Saturday, January 30, 2010
Haiti SITREP: I thought I’d drop a few lines reference our recent trip to Haiti. As the owner of a private security & tactical training company, Covenant Special Projects, LLC, I had the opportunity to join forces with Kingdom Special Operations (Nevada) and travel to Haiti to assist in the humanitarian relief operations in the outskirts of Port of Prince (PAP)Haiti. Traveling with a ten (10) man team, mostly former Special Forces, Seals , US Marshals and intelligence agency persons, we entered PAP airport (kit and tools of our trade in hand) only to find complete chaos as one may imagine.
Our mission was to provide logistic support and security for an Non Governmental Organization (NGO) rescue team as well as to provide security for the University of Miami hospital. I could write for days concerning the complete acts of kindness, professionalism and all heroes we met along the way. They are everywhere. From the nurses and doctors working 18 hour shifts to render aid to the injured to the soldiers and airmen showing why we have the greatest military in the world. But instead, I would like to inform other SF bothers and readers of this blog of the crap behind the cameras and the travesty that is taking place on behalf of people of Haiti. I am sure there are many scams taking place; but this is one that we all fund with our tax dollars.
The United Nations. The Haitians are rapidly growing more and more angry with this band of merry men, and rightly so. Seems the Haitian people, just like the rest of us, thought the U.N was there to assist and secure. In my view, this is not happening. The U.N. turns the Haitian streets into parking lots with their huge trucks (few of which possess any relief cargo) and constant roadblocks. While the other 400-500 trucks sit in a U.N. staging area adjacent to the airport in PAP. All day long the trucks sit. U.N. officials look busy with their blue caps and pressed uniforms and half rusted sidearm’s; attending meeting after meeting yet seldom rolling out of the gate to deliver goods or escort those who are really there to assist.
It seems almost impossible to make the simplest thing happen. Well, let me take that back… There is one thing the U. N. units are extremely proficient in and dedicated to; and it all takes place in hours of darkness. NO, not relief convoys. NO, not security presence patrols. PARTIES. Parties seem to be the priority as evening falls in Haiti, at least for the U. N. As the people of Haiti sift through debris to locate the remains of a family member or scrounge for the smallest morsel of food, the U.N. is cutting loose in their secure compound. A few drinks, a bit of music, and tales of they have served the Haitian people (mostly BS) occur nightly. Look, SF teams live by the motto “Work Hard – Party Hard” but never when there are so many suffering so close. My team and I were disgusted by the arrogance many of these U.N. workers from all nations displayed. As they enjoyed their cool drinks, burgers and hot rice, the Haitian’s (less than 300 meters away) suffer from wounds, lack of food and water and no place to live.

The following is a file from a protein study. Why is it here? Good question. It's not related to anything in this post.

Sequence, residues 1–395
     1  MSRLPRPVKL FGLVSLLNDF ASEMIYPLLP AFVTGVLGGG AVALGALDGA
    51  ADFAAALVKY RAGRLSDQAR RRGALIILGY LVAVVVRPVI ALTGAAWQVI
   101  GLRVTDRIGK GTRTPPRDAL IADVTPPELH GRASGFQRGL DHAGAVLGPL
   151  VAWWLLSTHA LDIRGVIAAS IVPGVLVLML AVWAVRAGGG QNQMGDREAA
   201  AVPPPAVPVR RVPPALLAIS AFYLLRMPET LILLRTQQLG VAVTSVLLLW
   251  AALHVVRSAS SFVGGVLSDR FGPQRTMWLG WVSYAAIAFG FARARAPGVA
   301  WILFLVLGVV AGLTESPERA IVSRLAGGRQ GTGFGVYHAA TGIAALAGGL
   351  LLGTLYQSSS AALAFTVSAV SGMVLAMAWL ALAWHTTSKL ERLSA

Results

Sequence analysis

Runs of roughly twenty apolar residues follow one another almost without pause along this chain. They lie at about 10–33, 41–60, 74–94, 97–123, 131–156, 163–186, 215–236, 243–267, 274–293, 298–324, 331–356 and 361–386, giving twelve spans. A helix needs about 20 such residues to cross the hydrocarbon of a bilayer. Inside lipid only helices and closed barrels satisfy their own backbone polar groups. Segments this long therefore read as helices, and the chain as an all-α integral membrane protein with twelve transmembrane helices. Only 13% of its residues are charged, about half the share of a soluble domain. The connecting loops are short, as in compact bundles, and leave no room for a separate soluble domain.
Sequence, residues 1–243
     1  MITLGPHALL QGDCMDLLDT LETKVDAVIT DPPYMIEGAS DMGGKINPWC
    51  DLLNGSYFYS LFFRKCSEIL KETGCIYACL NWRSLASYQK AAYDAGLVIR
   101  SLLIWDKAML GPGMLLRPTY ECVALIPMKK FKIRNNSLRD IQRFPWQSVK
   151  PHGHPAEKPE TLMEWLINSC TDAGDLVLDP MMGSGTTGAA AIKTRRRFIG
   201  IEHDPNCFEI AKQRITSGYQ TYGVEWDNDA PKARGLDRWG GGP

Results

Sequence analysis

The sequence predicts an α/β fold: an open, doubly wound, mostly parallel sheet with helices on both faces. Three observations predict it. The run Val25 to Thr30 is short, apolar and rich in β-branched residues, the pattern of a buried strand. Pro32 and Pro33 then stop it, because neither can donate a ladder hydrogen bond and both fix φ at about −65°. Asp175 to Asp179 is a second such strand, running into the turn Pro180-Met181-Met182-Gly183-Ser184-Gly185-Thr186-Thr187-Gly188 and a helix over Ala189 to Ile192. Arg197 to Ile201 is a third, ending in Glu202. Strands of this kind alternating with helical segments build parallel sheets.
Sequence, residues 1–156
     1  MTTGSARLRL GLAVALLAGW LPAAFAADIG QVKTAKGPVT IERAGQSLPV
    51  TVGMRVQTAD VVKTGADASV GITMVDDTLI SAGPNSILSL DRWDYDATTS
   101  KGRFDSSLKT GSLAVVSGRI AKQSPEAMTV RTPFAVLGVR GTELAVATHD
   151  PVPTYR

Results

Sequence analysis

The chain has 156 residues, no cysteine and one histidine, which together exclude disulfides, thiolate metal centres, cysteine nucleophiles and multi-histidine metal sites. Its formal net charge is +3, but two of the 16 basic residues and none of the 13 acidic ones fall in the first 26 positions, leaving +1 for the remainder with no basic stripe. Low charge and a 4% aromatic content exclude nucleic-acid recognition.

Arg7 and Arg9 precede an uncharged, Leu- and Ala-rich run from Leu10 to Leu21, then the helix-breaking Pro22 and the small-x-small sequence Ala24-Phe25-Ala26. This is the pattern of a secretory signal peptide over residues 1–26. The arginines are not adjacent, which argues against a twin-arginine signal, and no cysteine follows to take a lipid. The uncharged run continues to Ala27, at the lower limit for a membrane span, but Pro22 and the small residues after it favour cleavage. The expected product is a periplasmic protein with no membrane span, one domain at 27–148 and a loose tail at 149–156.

Over eight days and nights, I personally witnessed zero U.N. relief. I would like to think my tax dollars (at least the part that goes to the United Nations) is working but I am afraid that investment has little return. Prior to departing I spoke with a U. N. representative; I learned the U.N. was placing a 93 foot vessel off the coast to act not as a hospital ward but instead to serve as a Morale Welfare Recreation (MWR) outlet for the over-stressed and over tasked U. N personnel. A floating party barge… Well, I guess there is some return on our investment.
I could continue with all I witnessed, good and bad. But I think you get my point.
Should the Haitian people riot, it is only because they are hungry and fed up waiting for assistance. They are good people and have a faith in God that is stronger than most nations with wealth. Know that our (United States) Soldiers, Sailors, Airmen and Marines are making things happen; sometimes in the absence of formal orders but with the intuitive nature of the American service member. From combat to humanitarian assistance operations our troops adapt and attack the mission with the same vigor and professionalism. It is truly amazing to watch. Know there are hundreds if not thousands of volunteers that serve in various capacities in some of the harshest conditions; with a smile and a dedication to make a difference. And know that what is depicted on the evening news is only a footnote of the true story.
I hope to drop a few more lines concerning other aspects of our trip. My team and I may be heading back in a few days. If so, I will provide a ground-truth SITREPS nightly from the AOR.
Stay Safe / Stay Hungry
Covenant Special Projects
“De Oppresso Liber”